Mitochondrial membrane potential and caspase 3 activity normalized in untreated control cells are shown in Figures 5 and 6, respectively. In Figure 5, a clear collapse of the mitochondrial membrane potential is observed in the case of hyperthermia treatment for 60 min. Figure 6 shows that caspase 3 activity increased in HeLa cells treated for 30 min and 60 min.
Apoptosis can be triggered by various stimuli such as UV radiation, chemotherapy, and heat. An apoptotic cell changes its morphology. The cell shrinks, its chromatin condenses, and fragmentation of nucleus occurs . There are two main apoptotic pathways: the extrinsic (death receptor) pathway and the intrinsic (mitochondrial) pathway. Mitochondrial permeability transition is an important step in the induction of the intrinsic apoptosis pathway. During this process, the mitochondrial membrane potential collapses. Activation of caspase 3 is a downstream effector of the apoptotic pathway. These results indicate that hyperthermia treatment using the Pluronic-coated Fe3O4 nanoparticles mediates apoptosis through the mitochondrial pathway. Hyperthermia treatment is suitable for inducing both necrosis and apoptosis depending on the temperature. Cells heated at temperatures in the range of 41°C to 47°C begin to show signs of apoptosis, whereas increasing temperatures (above 50°C) are associated with decreased apoptosis and increased necrosis . Our results confirm that apoptosis is induced by thermal treatment at 45°C. HeLa cells heated at 45°C showed shrinkage, although those heated at 51°C did not show shrinkage (Figure 4). Hyperthermia treatment at a higher temperature might induce necrosis instead of apoptosis.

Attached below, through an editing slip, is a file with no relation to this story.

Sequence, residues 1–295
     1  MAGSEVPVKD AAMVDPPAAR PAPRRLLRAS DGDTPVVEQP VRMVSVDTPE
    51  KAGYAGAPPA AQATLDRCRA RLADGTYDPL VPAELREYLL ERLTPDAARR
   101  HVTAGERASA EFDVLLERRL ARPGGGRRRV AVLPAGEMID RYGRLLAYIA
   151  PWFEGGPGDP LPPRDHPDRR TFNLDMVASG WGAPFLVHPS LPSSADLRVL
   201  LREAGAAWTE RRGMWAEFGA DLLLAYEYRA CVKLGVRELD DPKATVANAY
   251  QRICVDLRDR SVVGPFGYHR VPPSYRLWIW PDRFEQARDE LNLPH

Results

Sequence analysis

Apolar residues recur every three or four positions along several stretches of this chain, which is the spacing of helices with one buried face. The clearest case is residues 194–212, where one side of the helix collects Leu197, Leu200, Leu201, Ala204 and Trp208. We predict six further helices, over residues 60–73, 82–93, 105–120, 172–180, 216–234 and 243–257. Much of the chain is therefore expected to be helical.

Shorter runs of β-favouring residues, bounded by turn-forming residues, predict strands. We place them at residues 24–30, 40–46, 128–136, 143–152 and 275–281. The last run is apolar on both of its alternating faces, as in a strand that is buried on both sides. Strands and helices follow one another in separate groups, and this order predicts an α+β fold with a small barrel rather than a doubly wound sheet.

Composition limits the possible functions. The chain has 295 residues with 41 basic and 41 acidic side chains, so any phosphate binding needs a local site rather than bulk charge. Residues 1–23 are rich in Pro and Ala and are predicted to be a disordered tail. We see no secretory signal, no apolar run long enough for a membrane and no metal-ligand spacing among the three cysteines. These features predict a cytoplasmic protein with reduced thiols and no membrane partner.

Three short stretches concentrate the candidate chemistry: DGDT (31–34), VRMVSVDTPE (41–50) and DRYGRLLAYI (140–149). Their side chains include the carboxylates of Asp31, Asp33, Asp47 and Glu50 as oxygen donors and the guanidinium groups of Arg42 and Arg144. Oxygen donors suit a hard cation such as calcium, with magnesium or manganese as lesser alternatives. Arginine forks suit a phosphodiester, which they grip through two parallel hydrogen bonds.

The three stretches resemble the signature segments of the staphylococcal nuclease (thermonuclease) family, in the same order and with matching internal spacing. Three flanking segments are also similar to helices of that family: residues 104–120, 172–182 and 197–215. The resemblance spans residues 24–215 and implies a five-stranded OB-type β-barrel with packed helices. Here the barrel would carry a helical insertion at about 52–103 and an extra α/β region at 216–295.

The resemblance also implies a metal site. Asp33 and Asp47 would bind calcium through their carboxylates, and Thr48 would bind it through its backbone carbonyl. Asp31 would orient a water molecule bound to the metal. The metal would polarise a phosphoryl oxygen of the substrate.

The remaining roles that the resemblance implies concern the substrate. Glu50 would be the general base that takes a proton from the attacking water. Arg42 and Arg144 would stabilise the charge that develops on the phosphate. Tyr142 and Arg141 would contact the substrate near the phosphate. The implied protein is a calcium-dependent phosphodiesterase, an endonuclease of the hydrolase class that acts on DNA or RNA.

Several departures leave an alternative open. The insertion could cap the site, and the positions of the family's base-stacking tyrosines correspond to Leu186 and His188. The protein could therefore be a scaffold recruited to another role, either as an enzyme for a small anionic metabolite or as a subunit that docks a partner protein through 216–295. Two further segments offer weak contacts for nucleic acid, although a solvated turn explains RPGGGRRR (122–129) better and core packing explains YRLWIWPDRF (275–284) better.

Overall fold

The temperature rise under ac magnetic field, cytotoxicity, and in vitro hyperthermia effect of Pluronic-coated Fe3O4 nanoparticles was evaluated in this study. Appropriate temperature rise was achieved under an ac magnetic field of 16 kA/m (200 Oe) and 20 kA/m (250 Oe) at 210 kHz. No cytotoxic effect was observed on the HeLa cells. In vitro hyperthermia treatment using Pluronic-coated Fe3O4 nanoparticles significantly reduced the viability of HeLa cancer cells. The collapse of mitochondria membrane potential and caspase 3 activity were observed. Hyperthermia using the Pluronic-coated Fe3O4 nanoparticles induced cell death related to apoptosis through mitochondrial pathway.
This paper was supported by a Grant-in-Aid for JSPS Fellows.